Apollo Milton Obote: What Others Say is a collection of newspaper articles and commentaries by politicians, friends and foes, workmates, his ministers, journalists from within and without, analysts, his family and above all, President Museveni, Obote’s long-time nemesis, about the man Ugandans loved to hate. For some, Obote is the founder of the nation, the nationalist, the pan- Africanist, the socialist—in short, a hero. To others he was a tribalist,
regionalist and power maniac who resorted to intrigue, manipulation and the use of the army to monopolise politics and terrorise opponents. The Baganda saw him as a man who destroyed and humiliated Buganda, imposed a one-party dictatorship, grabbed people's property in the name of socialism and nurtured Amin, who later foisted a reign of terror over the country.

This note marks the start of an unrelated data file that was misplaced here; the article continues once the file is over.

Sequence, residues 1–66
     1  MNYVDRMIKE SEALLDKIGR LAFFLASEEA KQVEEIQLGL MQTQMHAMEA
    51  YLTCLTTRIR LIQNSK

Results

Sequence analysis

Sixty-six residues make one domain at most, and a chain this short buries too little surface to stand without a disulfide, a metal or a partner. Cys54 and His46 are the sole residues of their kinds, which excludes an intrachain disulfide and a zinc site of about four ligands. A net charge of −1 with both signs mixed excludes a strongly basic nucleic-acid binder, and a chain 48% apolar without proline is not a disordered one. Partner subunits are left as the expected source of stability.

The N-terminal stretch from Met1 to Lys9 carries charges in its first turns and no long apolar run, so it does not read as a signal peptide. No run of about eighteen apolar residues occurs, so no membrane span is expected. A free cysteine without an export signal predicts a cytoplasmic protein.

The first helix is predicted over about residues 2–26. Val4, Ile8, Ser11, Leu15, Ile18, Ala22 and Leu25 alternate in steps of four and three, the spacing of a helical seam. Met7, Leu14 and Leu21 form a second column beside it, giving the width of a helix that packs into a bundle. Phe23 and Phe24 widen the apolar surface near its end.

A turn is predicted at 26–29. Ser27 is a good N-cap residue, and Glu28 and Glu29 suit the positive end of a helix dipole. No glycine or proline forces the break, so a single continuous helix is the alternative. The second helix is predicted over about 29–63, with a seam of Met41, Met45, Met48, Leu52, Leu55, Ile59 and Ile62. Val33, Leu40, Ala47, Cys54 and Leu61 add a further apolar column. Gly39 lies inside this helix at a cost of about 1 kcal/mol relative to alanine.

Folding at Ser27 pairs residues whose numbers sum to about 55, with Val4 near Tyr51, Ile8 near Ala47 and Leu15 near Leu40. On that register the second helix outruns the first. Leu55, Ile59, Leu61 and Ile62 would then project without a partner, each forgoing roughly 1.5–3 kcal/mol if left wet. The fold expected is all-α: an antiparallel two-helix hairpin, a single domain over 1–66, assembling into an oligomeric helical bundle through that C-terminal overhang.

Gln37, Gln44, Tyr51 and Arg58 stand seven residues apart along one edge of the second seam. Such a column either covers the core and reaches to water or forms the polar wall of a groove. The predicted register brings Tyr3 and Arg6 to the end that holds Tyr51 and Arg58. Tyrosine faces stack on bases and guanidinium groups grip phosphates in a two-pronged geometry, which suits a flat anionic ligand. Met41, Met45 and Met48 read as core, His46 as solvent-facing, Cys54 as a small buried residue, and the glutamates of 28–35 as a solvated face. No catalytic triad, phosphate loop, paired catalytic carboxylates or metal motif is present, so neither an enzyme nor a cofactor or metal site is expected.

For them, Obote in his life in exile (1971-80), like the Bourbons of old, learnt and forgot nothing, continued his politics of intrigue and manipulation, destabilised the UNLF, stole elections and imposed what they call the disastrous Obote II regime, culminating in civil war and the coup of 1985. To others, Obote was a victim of circumstances, of problems inherited from colonial rule, of intrigues and machinations of rival politicians, of foreign interests and powers, of his own indecision, timidity and procrastination, etc. To others still, Obote was a mixed bag—a man with achievements to his credit but also a man who committed avoidable blunders and mistakes that ruined this country. To the editor, Omongole R. Anguria, all these confl icting views needed to be compiled, preserved and presented to readers for them to determine on their own what Obote, Uganda’s first executive president stood for